Monitoring coastal waters from Tijuana to Ensenada

by J. Vinicio Mac’as-Zamora, Universidad Autonoma de Baja California


he Bight of the Californias refers to the coastal waters and coastal water sheds that feed into the Southern California Bight the geographical feature characterized by the crecent shape of the coast from Point Conception in the Unites States to Cabo Colonet in Mexico. This region shares many oceanographic features, a unique marine ecosystem, similar terrestrial ecology and patterns of coastal development and marine uses that affect the quality of coastal water and the integrity of coastal and marine ecosystems.

    The Bight of the Californias is shared between two countries and has a rich and varied biology that is threatened by population growth that in 1990 exceeded 15 million inhabitants. Because of the variety of activities that take place in the coastal zone and watersheds that feed the Bight, these coastal waters receive industrial and municipal waste, and non-point source pollutants by way of both permanent and temporal streams along the entire coastline.

    In 1997, a group of scientists from the Instituto de Investigaciones Oceanológicas, in coordination with American colleagues, participated in a monitoring study using the same collection, preservation, selection and analysis methodologies. This article presents results from this joint effort of Mexican and US scientists working in close collaboration with the objective of determining the status of these coastal waters and the impact of human activities.

    This work is the Mexican component of the 1998 Shoreline Microbiology study, undertaken by the Southern California Coastal Water Research Project (SCCWRP.) The objective of this program is to monitor the Bight every four years in order to document changes associated with increased human activities as well as changes associated with the startup of new sewage plants (Binational, El Sauzal and El Naranjo).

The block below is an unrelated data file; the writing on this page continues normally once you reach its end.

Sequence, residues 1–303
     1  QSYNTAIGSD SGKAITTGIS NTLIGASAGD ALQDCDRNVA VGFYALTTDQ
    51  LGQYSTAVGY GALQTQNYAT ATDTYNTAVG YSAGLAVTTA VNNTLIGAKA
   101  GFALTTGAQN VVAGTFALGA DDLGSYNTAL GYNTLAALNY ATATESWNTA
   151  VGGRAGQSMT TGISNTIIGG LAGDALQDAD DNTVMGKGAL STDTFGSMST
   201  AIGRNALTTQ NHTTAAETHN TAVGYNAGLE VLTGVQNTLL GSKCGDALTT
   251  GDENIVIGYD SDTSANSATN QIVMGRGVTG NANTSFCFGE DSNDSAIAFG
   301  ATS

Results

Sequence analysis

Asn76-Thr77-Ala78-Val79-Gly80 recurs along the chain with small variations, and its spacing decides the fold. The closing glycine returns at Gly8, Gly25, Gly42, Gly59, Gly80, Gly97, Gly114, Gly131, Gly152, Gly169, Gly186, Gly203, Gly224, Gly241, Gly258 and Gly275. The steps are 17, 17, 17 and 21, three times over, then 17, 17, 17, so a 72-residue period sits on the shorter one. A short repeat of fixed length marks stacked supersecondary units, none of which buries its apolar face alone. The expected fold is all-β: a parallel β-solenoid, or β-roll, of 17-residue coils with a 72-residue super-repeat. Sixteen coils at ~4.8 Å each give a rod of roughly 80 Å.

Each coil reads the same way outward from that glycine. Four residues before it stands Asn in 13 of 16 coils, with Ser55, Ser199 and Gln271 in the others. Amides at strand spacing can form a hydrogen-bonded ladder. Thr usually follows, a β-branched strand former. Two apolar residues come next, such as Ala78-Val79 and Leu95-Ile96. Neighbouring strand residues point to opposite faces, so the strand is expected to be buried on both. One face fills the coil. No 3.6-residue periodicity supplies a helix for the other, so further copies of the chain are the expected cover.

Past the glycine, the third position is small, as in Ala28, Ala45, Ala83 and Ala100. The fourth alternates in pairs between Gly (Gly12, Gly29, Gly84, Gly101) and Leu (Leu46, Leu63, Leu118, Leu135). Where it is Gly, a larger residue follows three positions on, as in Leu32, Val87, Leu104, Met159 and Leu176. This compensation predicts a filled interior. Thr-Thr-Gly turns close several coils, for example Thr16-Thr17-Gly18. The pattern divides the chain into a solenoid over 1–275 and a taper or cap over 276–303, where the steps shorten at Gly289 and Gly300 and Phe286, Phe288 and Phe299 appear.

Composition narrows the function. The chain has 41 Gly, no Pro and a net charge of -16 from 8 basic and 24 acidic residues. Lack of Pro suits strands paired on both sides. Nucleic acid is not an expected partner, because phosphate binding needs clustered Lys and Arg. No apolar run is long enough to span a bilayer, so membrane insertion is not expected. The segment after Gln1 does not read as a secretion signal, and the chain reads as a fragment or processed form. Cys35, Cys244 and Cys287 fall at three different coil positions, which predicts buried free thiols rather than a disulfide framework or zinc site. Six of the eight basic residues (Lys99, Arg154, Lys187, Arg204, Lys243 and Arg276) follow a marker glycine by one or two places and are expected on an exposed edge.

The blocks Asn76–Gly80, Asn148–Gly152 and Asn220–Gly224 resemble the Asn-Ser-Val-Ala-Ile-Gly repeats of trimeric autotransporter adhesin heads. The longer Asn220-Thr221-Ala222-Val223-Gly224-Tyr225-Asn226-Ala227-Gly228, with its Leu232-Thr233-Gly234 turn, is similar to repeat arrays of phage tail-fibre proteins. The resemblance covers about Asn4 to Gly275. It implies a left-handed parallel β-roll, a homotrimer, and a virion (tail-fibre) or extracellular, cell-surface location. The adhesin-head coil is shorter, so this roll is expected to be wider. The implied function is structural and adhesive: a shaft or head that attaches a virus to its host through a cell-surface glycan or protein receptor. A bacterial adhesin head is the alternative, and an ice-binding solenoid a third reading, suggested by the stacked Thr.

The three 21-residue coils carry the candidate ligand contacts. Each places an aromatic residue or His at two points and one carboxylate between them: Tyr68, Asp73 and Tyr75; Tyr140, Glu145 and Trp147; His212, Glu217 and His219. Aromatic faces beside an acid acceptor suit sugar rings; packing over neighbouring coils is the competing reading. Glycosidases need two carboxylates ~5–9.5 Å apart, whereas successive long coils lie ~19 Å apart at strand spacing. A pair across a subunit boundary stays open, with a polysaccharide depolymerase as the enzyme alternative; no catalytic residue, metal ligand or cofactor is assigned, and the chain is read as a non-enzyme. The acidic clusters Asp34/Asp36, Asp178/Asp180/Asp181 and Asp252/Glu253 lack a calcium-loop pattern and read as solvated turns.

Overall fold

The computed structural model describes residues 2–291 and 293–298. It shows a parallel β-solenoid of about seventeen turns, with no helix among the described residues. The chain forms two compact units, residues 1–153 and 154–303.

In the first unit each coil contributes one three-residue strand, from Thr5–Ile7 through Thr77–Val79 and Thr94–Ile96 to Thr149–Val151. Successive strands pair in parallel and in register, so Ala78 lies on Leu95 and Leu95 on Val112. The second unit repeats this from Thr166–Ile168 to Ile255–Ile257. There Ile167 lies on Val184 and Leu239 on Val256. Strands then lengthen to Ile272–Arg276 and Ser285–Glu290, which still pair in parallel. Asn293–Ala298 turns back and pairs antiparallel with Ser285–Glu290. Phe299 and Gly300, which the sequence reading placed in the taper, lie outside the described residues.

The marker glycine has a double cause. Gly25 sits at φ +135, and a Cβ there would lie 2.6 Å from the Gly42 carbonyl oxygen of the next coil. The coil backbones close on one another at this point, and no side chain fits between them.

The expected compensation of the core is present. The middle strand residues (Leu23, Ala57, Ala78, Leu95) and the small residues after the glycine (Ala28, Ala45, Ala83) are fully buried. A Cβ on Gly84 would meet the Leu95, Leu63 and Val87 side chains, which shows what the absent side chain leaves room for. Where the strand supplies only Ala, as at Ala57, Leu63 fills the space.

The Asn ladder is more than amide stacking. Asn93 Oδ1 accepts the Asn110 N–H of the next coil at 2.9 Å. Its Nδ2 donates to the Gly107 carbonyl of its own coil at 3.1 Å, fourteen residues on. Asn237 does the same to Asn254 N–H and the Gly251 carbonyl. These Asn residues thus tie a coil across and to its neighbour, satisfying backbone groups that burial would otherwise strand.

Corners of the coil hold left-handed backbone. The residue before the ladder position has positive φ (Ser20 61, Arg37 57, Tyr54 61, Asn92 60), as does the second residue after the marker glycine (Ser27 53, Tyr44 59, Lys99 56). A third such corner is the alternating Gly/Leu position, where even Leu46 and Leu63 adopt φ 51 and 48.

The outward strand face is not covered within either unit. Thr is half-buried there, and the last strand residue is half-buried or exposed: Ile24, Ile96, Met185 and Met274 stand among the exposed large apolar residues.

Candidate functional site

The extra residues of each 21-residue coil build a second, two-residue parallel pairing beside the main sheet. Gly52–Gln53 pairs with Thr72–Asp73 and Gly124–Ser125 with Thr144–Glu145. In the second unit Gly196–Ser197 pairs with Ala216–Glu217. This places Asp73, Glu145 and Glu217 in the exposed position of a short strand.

This is the first time that scientists from both nations have adopted the same methods for sampling and quality control. Measurements in the entire area can now be effectively compared. As a result of this study, we now have a regional perspective on water quality in this region for the first time. The Mexican component was financed by the Sistema de Investigación del Mar de Cortes (SIMAC), the North American Commission for Environmental Cooperation (NAECC), and the Algalita Foundation.

    Although this effort has provided a large amount of information, this study represents only one point in time. In order to understand environmental changes that take place in the coastal zone as a result of human activities, this effort will have to be repeated periodically. The results outlined in this document are preliminary and represent the first interpretation of this extensive effort. The work included sedimentary chemistry, bacteriology, hydrology and benthic studies.

 Sediment chemistry